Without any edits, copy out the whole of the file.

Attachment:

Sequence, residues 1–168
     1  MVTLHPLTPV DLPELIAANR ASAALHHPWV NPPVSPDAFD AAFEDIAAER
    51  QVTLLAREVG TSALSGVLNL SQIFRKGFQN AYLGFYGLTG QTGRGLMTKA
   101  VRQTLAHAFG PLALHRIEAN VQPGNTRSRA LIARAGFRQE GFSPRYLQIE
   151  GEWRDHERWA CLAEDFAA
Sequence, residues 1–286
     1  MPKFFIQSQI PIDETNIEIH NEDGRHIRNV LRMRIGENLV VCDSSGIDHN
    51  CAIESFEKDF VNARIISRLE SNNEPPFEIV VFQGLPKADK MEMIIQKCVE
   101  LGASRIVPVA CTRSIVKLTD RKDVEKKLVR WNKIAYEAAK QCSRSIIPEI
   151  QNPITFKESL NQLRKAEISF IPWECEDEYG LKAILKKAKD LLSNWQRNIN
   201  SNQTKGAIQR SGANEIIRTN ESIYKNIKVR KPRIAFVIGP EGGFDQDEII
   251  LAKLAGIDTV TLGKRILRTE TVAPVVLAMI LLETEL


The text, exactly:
Sequence, residues 1–168
     1  MVTLHPLTPV DLPELIAANR ASAALHHPWV NPPVSPDAFD AAFEDIAAER
    51  QVTLLAREVG TSALSGVLNL SQIFRKGFQN AYLGFYGLTG QTGRGLMTKA
   101  VRQTLAHAFG PLALHRIEAN VQPGNTRSRA LIARAGFRQE GFSPRYLQIE
   151  GEWRDHERWA CLAEDFAA
Sequence, residues 1–286
     1  MPKFFIQSQI PIDETNIEIH NEDGRHIRNV LRMRIGENLV VCDSSGIDHN
    51  CAIESFEKDF VNARIISRLE SNNEPPFEIV VFQGLPKADK MEMIIQKCVE
   101  LGASRIVPVA CTRSIVKLTD RKDVEKKLVR WNKIAYEAAK QCSRSIIPEI
   151  QNPITFKESL NQLRKAEISF IPWECEDEYG LKAILKKAKD LLSNWQRNIN
   201  SNQTKGAIQR SGANEIIRTN ESIYKNIKVR KPRIAFVIGP EGGFDQDEII
   251  LAKLAGIDTV TLGKRILRTE TVAPVVLAMI LLETEL